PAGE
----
DRESS syndrome: symptoms, causes and treatments


Drug rash with eosinophilia and systemic symptoms, or DRESS syndrome, is a severe hypersensitivity reaction to certain drugs. Characteristic symptoms of the disease include rash, fever, blood abnormalities, and multiple organ damage.

Health experts consider this rare unwanted drug allergy to be potentially fatal. It occurs as a result of the immune system overreacting to certain drugs. Symptoms can appear weeks after a person starts the problematic drug. Treatment often involves stopping suspicious drugs and using immunomodulatory drugs to reduce symptoms.

In this article, we discuss DRESS syndrome in more detail, including causes, symptoms, diagnosis, treatment, recovery and management, and complications.

DRESS syndrome, also known as drug hypersensitivity syndrome (DIHS) or drug hypersensitivity syndrome, is a severe reaction to certain drugs. Experts classify DRESS syndrome as a type 4 hypersensitivity reaction. It is a serious drug reaction affecting the skin and other organs, with a death rate of up to 10%.

The overall incidence of DRESS syndrome is rare, with risk estimates ranging from 1 in 1,000 to 1 in 10,000 people after exposure to trigger drugs. This usually occurs within 2 to 6 weeks of a person’s first exposure to the drug, causing characteristic but varying characteristics to affect the skin and several organs.

DRESS syndrome is a delayed hypersensitivity reaction mediated by T cells in response to certain drugs. The damage is due to an overreaction of the immune system, which involves the activation of T cells and the release of cytokines. There is a lot of potential culprit drugs, and common drugs associated with DRESS syndrome include:

  • anticonvulsants
  • antiviral drugs
  • antibiotics
  • allopurinol (Zyloprim)
  • mexiletine (Mexitil)
  • mood stabilizers and antidepressants
  • biological agents

Evidence also suggests that other factors are likely to play a role. These may include:

  • a genetic predisposition to DRESS syndrome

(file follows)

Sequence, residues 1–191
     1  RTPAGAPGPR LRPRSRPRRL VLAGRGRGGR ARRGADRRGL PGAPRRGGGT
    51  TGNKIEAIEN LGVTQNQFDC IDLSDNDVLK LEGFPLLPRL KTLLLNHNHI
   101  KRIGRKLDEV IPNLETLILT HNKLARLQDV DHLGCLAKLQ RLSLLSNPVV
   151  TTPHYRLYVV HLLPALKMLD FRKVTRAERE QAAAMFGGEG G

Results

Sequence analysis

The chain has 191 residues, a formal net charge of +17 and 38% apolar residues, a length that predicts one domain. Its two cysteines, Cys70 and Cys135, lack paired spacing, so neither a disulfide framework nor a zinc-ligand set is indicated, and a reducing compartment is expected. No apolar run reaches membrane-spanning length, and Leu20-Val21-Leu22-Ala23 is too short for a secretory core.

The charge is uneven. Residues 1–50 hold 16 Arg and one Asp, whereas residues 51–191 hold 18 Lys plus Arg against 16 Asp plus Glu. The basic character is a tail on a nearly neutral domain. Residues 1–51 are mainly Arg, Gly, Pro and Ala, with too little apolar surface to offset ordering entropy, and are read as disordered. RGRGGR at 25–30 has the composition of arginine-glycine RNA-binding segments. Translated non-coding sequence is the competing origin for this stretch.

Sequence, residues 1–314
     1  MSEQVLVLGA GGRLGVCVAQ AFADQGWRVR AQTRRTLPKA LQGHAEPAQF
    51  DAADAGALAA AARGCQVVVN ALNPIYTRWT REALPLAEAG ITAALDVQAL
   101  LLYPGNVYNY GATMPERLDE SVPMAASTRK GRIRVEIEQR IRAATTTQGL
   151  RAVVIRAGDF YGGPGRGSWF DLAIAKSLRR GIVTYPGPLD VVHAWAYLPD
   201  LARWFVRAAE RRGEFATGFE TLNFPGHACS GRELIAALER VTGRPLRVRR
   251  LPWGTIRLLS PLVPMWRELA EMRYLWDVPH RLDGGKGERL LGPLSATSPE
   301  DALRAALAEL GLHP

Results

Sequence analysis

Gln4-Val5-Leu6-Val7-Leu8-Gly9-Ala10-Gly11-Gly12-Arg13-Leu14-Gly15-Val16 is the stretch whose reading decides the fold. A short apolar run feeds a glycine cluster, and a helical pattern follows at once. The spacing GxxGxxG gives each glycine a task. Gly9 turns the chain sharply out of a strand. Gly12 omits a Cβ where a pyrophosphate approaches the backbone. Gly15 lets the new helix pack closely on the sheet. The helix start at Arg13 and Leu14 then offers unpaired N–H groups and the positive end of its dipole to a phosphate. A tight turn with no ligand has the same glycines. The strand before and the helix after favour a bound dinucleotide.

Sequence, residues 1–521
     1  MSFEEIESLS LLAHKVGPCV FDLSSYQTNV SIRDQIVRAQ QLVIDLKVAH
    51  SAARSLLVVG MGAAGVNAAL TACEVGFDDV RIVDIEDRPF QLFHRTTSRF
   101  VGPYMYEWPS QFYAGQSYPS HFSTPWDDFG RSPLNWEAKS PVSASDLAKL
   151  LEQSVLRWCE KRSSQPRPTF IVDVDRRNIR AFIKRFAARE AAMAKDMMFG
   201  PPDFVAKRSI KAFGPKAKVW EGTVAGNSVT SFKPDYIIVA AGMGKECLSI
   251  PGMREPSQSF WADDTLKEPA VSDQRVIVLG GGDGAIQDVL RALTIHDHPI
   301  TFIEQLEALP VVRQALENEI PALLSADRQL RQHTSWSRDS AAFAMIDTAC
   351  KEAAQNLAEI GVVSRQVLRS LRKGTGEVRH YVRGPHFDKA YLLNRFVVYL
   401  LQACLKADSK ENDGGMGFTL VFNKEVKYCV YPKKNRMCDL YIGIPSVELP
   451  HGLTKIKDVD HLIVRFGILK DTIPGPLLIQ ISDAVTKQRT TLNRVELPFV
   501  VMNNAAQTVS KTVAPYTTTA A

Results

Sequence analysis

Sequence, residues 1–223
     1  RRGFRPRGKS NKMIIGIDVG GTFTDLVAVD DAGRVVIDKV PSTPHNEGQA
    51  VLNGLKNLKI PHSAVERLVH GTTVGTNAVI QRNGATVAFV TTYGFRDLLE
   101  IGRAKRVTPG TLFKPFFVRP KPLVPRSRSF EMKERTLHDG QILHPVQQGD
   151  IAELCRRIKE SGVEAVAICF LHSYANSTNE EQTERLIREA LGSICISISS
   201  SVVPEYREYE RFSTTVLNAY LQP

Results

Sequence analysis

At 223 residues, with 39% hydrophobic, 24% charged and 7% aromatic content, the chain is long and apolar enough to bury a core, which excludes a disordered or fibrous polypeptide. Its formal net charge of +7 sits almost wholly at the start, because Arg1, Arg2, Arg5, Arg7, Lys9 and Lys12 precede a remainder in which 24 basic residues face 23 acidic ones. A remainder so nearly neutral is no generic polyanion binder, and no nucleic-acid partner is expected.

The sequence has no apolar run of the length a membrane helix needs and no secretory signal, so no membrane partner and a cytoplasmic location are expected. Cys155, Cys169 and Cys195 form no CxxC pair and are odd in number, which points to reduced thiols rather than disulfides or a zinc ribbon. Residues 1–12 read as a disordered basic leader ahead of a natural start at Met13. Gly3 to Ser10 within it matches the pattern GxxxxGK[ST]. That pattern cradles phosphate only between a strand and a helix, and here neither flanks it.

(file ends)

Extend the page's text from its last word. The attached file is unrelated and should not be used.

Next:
• an inability of the liver to metabolize certain drugs
  • reactivation of certain viruses, such as Epstein-Barr virus (EBV) or human herpesvirus 6 (HHV6)

Some people may refer to DRESS syndrome as an idiosyncratic multisystem reaction to a drug. It refers to the fact that the disease can have a variety of symptoms. Although people may experience different symptoms, the name DRESS derives from the characteristic high number of eosinophils, known as eosinophilia, and body-wide symptoms that are usually manifested.

Symptoms can vary, but they usually develop over several days, with the typical onset being 2 to 6 weeks after the onset of the responsible drug. Typical signs of DRESS syndrome include:

  • fever
  • skin rash or rash
  • eosinophilia
  • atypical lymphocytosis
  • swollen lymph nodes
  • inflammation of internal organs

DRESS syndrome can have many different characteristics that can mimic those of other diseases, including cellulitis, viral hepatitis, and systemic lupus erythematosus. For this reason, it is prone to diagnostic errors.

The RegiSCAR project has multiple objectives, including bringing together experts interested in severe skin adverse drug reactions (SCAR), such as DRESS syndrome, and collecting biological samples for study.

By identifying common traits of SCAR, the project also serves as a diagnostic tool that healthcare professionals commonly use to help diagnose DRESS syndrome. To be diagnosed with DRESS syndrome, a person must respond to following criteria:

  • hospitalization
  • acute rash
  • a reaction that is probably related to the drug

Additionally, three of the four issues below should be present: